Whether you’re dressing for a particularly snowy day or an unexpected springtime cold snap, an overcoat is the perfect article of clothing to keep you warm while still looking bold.
That’s why we think it’s good to know how to wear an overcoat.
The History of the Overcoat
A good overcoat typically comes in wool, or wool blended with another high-quality fiber, such as cashmere or camel hair. An overcoat should have some weight to it; your coat shouldn’t drag you down, but it needs to be heavy enough to protect you from harsh winds and thick enough to keep you dry when the world is rainy, snowy, or slushy.
The sleeves of your overcoat should be long enough to cover your jacket sleeves and shirt cuffs; the length of the hem is a matter of personal preference, though longer coats offer more protection. A hem that falls somewhere between the knees and calves is typical.
When you buy a custom overcoat, it’s best to get fitted while wearing the layers you expect to wear with the coat. If you plan on regularly wearing suits underneath it, have your measurements taken in your suit jacket. This helps make sure you’re getting the perfect fit.
If you’re on the short side, overcoats that stop at your shin or ankle may shorten your silhouette, while a coat cut just a few notches either below or above the knee will have a lengthening effect.
The overcoat can be styled up or down: Wear it over your suit and tie for professional occasions, or with fitted chinos and your favorite dress-casual footwear for less formal outings. If your coat includes a long belt, you may either buckle it or simply tie it in front the same way you’d fasten a bathrobe. You could also buckle the belt behind your coat to keep it out of your way and make it easier to take your coat on and off.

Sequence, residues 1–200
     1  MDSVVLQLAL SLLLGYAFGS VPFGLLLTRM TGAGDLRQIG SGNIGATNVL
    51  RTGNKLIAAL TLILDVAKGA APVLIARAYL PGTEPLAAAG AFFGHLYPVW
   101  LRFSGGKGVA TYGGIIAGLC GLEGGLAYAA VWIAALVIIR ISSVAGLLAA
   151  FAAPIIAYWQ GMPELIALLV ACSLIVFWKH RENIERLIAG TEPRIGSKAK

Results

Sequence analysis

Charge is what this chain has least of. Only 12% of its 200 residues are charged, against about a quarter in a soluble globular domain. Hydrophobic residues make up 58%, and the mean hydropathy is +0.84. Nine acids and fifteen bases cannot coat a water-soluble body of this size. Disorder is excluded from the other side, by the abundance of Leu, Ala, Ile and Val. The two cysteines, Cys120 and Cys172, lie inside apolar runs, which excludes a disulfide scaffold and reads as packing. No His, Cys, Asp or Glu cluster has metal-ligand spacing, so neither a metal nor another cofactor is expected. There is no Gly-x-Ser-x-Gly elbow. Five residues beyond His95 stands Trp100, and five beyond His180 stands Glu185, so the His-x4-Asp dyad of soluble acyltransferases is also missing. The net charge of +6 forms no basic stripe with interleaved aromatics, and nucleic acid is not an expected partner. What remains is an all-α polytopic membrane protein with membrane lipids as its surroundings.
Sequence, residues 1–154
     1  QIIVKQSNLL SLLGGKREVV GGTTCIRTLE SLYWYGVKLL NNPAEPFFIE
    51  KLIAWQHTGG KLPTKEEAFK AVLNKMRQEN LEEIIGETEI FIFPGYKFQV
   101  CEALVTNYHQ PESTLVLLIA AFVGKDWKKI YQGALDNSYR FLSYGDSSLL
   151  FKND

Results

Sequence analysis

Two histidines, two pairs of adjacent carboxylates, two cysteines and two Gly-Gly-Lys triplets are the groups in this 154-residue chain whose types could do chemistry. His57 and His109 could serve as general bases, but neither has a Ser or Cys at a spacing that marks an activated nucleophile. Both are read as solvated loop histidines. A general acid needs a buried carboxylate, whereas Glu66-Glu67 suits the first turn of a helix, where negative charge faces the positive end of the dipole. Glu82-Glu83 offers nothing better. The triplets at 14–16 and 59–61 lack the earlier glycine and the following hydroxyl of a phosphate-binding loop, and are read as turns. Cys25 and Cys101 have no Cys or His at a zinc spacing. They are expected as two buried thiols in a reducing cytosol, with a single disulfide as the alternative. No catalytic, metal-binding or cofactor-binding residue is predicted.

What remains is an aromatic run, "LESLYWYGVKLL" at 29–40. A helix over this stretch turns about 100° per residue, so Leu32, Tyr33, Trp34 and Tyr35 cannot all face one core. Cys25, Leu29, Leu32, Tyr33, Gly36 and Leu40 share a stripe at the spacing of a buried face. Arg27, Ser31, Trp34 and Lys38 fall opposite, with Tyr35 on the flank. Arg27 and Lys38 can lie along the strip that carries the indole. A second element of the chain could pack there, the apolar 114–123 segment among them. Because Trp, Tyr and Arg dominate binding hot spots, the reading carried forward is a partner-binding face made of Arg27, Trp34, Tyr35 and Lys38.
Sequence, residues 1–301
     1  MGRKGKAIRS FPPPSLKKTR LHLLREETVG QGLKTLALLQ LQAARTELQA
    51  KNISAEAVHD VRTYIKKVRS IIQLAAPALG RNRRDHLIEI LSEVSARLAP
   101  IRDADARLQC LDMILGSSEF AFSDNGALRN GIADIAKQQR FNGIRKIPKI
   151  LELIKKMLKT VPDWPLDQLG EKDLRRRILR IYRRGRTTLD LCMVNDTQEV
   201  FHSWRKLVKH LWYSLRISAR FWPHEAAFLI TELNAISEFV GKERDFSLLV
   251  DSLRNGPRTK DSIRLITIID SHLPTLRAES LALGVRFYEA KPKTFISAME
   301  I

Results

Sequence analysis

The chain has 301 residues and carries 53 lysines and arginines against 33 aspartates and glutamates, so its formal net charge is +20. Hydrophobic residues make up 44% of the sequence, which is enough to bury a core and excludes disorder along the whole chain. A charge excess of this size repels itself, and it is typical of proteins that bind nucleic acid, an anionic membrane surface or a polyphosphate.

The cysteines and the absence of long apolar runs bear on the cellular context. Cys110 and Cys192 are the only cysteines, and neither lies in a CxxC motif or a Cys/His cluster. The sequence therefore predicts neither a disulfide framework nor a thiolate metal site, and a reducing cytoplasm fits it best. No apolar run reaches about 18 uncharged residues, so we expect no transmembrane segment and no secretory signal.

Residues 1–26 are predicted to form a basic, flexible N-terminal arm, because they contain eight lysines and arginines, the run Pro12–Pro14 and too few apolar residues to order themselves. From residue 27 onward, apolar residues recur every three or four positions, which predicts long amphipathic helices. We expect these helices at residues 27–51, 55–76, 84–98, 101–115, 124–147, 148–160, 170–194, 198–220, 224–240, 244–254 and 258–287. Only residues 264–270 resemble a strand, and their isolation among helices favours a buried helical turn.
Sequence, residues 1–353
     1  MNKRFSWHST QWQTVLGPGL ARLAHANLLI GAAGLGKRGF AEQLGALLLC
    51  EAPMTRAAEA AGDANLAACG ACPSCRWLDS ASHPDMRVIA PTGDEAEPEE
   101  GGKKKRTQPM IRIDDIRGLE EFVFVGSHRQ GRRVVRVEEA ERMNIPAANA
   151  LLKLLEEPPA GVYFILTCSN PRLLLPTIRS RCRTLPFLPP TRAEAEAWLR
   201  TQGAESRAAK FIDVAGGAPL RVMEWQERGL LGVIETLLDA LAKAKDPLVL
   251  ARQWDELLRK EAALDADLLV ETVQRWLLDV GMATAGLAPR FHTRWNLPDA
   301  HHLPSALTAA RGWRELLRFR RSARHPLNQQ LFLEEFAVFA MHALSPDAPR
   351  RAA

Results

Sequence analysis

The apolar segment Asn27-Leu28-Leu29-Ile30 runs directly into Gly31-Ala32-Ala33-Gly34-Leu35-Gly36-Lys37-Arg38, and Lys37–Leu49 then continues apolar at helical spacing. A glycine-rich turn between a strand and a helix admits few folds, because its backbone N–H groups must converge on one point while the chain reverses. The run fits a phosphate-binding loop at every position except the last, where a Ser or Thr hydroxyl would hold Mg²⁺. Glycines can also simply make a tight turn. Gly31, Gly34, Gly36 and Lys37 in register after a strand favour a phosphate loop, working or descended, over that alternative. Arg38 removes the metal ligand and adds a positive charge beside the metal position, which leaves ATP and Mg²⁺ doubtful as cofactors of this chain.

How to Wear an Overcoat: Modernizing a Classic
Overcoats come in dozens of styles, each featuring subtle variations on lapels, belt, buttons, length, and cut. The following popular outerwear picks are designed to keep you warm while looking your well-dressed best.
The Camel Hair Coat
Lightweight yet durable cloth woven from hair is a classic. It’s chosen for its combination of warmth and softness. Coats made from camel hair first rose to prominence in the wake of the Second World War when fabrics like silk and wool weren’t in supply. Camel hair cloth, while relatively unknown at that time, was easier to obtain, yet conveyed a similar sense of luxury.
While camel hair may be dyed any color, it’s most commonly left undyed; the natural color, a shade of pale yellowish caramel, is a hallmark of the coat. The natural tan color pairs especially well with other neutrals though a heather grey really stands out.
A raincoat is a strong option during the fall and spring months when the weather is cool and unpredictable. Raincoats exist along a wide spectrum of quality and stylishness; if one is too large, fits poorly, or is made from cheap material, it’ll make you look—and feel—like you’re wearing a garbage bag.